"Get on the floor," the Russian said. He did not say please.

"Now? Here?" I asked.

"Yes, comrade."

"Uh, okay."

"Now, I want you to do push-ups, but I want you to turn your hands like this and breathe like this... "

So it began. Over the next hour, I learned to up the intensity of my squat, to instantly jack up the power of my bench press, and to increase the speed of my punch. No, I wasn't in some dank Russian gym and I wasn't in an elite European training center. I was in the lobby of the posh Hyatt Regency hotel in Columbus, Ohio, interviewing up and coming strength guru, Pavel Tsatsouline. It was the first interview I'd conducted that left me sore the next day.

I first heard about Pavel "The Evil Russian" Tsatsouline from those involved in the martial arts community. Many were breaking through their stretching plateaus by using his techniques. I picked up a few of his books and videos and was immediately struck by Pavel's in-your-face ideas about strength training. Frankly, I'd never heard of most of the exercises he'd written about and immediately disagreed with at least half of what he had to say. In other words, I was intrigued and had to learn more.

Pavel isn't a big guy, nor does he want to be. Wiry, functional strength and power is his game. His body is more Bruce Lee than Arnold, and he's more interested in training for combat than training for the beach. As a former physical training instructor for Spetsnaz, the Soviet special forces, his job wasn't to make them pretty, but to make them into efficient killing machines. The fact that they developed rock hard physiques was almost a side effect.

Pavel holds a Soviet Physical Culture degree in physiology and coaching and was also a nationally ranked athlete in the ethnic-strength sport of kettlebell lifting, a practice he's now attempting to popularize in America. These days, Pavel is proud to say he's a "capitalist running dog" and is living the good life in California with his American wife. Pavel spends his time writing books, making videos, holding seminars and training American SWAT team members and other law enforcement professionals.

I'm just glad he's on our side.

Pavel, you've written that bodybuilding is the worst thing to ever happen to strength training. What's up with that?

I was quoting Dr. Ken Leistner and referred to the "new" bodybuilding, post Arnold and Franco. The stuff they do today in the gyms is more cosmetic surgery than strength training. The emphasis is on the hypertrophy of everything but contractile proteins. A typical dude with eighteen-inch pipes is a big joke on an arm-wrestling table... provided he has enough nerve to test his virtual muscle in this manly art.

Strength training for sports does not rely on sarcoplasmic hypertrophy, unless you are a sumo wrestler or a football lineman. It should focus on myofibrillar hypertrophy through many sets of low reps and, more importantly, on a host of neural factors: motoneuron excitability, neural drive, Golgi tendon organ disinhibition, etc. What bothers me is when newbies who come to the gym to up their strength for, say, Alpine skiing, are told to do three sets of ten for lunges, leg presses, leg curls, and other fluff instead of simply hitting five sets of five for squats or deads.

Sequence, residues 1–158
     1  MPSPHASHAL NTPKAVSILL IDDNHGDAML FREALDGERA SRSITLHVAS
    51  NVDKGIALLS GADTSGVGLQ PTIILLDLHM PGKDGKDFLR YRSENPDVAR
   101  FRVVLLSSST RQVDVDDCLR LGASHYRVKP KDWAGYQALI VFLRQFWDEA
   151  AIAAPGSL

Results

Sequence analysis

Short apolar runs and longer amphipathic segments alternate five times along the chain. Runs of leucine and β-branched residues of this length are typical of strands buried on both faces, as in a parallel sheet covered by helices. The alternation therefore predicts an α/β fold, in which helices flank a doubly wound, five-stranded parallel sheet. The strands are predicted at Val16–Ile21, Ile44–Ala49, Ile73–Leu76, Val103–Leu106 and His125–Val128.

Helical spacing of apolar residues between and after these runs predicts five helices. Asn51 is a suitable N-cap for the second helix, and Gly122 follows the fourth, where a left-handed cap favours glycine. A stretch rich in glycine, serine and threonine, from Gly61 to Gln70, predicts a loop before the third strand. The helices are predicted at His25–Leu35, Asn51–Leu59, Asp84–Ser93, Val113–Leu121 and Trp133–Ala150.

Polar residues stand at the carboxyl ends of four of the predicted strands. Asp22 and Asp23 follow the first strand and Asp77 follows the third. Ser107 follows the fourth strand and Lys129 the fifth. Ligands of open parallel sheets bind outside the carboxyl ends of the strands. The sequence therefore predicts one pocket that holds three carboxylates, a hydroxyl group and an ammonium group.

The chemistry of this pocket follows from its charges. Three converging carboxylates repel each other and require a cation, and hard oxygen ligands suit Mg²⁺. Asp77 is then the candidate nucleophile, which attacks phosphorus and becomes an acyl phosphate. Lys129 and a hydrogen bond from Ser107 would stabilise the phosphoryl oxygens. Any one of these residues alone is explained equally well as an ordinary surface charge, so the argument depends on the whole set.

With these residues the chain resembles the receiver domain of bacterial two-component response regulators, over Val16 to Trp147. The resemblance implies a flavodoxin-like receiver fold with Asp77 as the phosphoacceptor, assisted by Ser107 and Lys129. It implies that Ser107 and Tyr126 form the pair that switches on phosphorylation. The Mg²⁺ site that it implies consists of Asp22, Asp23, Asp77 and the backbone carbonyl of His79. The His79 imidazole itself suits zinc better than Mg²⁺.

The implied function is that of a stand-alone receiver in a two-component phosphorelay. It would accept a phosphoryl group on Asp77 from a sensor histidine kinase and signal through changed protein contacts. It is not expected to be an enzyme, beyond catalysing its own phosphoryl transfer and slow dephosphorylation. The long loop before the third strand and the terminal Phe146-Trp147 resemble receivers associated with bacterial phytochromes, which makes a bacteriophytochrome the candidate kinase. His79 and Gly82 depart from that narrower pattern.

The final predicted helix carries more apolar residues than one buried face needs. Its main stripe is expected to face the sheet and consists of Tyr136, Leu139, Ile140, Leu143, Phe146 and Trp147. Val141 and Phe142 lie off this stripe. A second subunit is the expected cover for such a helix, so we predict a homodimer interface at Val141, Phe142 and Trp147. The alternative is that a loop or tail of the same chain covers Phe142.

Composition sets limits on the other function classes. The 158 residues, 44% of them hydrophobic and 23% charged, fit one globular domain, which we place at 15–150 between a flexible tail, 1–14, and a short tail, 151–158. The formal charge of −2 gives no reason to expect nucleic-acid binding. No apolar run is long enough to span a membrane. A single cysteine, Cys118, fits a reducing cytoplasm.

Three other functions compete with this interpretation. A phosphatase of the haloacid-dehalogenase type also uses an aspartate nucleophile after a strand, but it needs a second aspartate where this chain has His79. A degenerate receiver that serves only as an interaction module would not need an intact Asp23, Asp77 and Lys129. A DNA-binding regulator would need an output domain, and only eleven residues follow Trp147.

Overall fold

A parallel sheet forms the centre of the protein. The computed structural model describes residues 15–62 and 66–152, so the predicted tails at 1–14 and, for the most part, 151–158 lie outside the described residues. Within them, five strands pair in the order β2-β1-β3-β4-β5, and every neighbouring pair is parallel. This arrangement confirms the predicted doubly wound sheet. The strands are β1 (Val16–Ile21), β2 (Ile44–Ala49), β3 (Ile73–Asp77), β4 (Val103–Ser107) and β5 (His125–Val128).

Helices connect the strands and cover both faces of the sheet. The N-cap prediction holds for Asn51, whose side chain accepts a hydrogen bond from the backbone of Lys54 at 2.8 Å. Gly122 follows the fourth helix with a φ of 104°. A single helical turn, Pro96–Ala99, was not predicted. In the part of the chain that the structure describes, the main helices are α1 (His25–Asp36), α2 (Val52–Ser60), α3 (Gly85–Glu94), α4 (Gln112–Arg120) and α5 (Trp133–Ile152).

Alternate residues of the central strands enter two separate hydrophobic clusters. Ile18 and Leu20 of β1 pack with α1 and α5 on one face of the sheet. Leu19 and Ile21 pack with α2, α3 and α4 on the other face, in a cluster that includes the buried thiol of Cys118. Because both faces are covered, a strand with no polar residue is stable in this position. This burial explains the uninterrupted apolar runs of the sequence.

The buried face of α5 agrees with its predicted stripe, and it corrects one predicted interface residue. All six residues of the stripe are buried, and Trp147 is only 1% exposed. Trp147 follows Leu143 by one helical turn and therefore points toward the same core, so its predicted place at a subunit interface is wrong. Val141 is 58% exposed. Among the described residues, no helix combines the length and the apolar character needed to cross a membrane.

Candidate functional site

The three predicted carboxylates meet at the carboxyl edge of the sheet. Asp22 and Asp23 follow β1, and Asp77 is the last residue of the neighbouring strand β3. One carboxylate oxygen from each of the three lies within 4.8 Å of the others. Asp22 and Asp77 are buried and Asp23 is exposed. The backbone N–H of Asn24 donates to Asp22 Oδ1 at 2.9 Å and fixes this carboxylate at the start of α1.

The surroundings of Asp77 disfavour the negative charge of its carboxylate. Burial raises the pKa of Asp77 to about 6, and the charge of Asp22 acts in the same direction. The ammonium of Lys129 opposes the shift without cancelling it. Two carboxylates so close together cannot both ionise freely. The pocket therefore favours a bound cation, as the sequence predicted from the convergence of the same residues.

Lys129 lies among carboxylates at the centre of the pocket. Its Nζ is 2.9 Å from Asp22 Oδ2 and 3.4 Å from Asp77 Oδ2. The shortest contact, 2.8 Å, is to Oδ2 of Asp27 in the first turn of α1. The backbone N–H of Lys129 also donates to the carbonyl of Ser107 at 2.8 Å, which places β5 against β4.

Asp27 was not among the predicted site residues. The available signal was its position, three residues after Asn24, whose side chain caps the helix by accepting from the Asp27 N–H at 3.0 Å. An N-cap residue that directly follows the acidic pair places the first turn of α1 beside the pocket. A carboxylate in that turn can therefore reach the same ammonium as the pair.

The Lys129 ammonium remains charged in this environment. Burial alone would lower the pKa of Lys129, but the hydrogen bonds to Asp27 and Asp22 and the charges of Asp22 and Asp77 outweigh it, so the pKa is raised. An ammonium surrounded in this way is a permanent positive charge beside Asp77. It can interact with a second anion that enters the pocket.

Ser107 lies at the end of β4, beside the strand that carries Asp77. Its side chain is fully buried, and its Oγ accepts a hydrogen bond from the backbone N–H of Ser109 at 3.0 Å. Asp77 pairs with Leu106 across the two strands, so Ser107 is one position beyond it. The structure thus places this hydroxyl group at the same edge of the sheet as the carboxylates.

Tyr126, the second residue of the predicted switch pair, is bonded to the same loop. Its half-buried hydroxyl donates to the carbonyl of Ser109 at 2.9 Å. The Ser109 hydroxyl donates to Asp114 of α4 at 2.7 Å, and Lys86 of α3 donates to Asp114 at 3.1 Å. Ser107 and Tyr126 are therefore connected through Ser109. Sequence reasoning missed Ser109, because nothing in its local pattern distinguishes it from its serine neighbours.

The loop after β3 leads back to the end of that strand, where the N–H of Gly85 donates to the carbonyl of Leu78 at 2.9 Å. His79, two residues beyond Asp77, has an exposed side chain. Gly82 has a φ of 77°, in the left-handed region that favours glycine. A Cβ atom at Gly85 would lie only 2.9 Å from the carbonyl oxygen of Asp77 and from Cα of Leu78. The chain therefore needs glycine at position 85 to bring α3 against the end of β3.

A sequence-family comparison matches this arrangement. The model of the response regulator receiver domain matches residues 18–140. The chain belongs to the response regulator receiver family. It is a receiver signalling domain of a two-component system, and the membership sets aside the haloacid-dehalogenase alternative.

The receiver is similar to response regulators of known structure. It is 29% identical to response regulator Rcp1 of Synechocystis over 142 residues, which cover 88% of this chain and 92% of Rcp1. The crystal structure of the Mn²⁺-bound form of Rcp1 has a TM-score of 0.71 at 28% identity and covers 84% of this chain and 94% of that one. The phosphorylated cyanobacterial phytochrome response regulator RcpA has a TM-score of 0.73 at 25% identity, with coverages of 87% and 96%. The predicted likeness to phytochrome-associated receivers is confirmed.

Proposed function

You're pretty quick to call out bodybuilders and their "fake" muscles. What's so bad about being big?

It's a matter of preference, but in some activities super-sizing is inappropriate. Middleweight weightlifters are the strongest relative to their bodyweight. You don't see many 250 pound rock climbers because, well, they're all dead. As your bodyweight increases and you get heavier, your relative strength gets compromised more and more. Take a SWAT officer who has to carry 45 pounds of gear plus his bodyweight. If he weighs too much, he won't be able to get over a fence or climb into a window fast enough. So where relative strength is an issue, being too big is inappropriate.

If you're a lineman or a sumo wrestler, being big can make sense and if you do it for cosmetic reasons, then it's perfectly fine. Otherwise you must be very selective about what you are building. Rock climbers have a saying: A good climber has the lats of a flying squirrel, Popeye forearms, and the legs of a starved chicken. It's functional, for them.

So you're more about functional, real world strength?

You bet. A friend fascinated with special warfare showed me his copy of what was supposed to be a Navy SEAL memoir. He pointed out a photo of frogmen boarding a ship. The caption read something like, "My guys can bench press 500 pounds because they have to."

If you have any sense you should ask two questions: 1) How many of your guys does it take to bench press 500 pounds? and 2) How is the bench press supposed to help you with any of the physical demands of your duty? One of the top tactical officers in the state of Texas, a Brit named Mark from SAPD, kicked butt at the last state SWAT competition. The man can knock off twenty-some pull-ups and does rock bottom one-legged squats with ease. How much does this officer bench? He tried it once and did 225. Not a bench press to write home about. But that it is the point.